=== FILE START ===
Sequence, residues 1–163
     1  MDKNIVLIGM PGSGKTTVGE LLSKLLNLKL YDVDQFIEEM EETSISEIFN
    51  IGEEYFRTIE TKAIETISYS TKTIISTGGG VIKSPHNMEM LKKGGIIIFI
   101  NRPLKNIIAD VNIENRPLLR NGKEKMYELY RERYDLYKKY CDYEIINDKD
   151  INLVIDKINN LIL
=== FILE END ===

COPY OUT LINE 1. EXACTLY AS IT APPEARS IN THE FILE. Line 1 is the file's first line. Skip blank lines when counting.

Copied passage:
Sequence, residues 1–163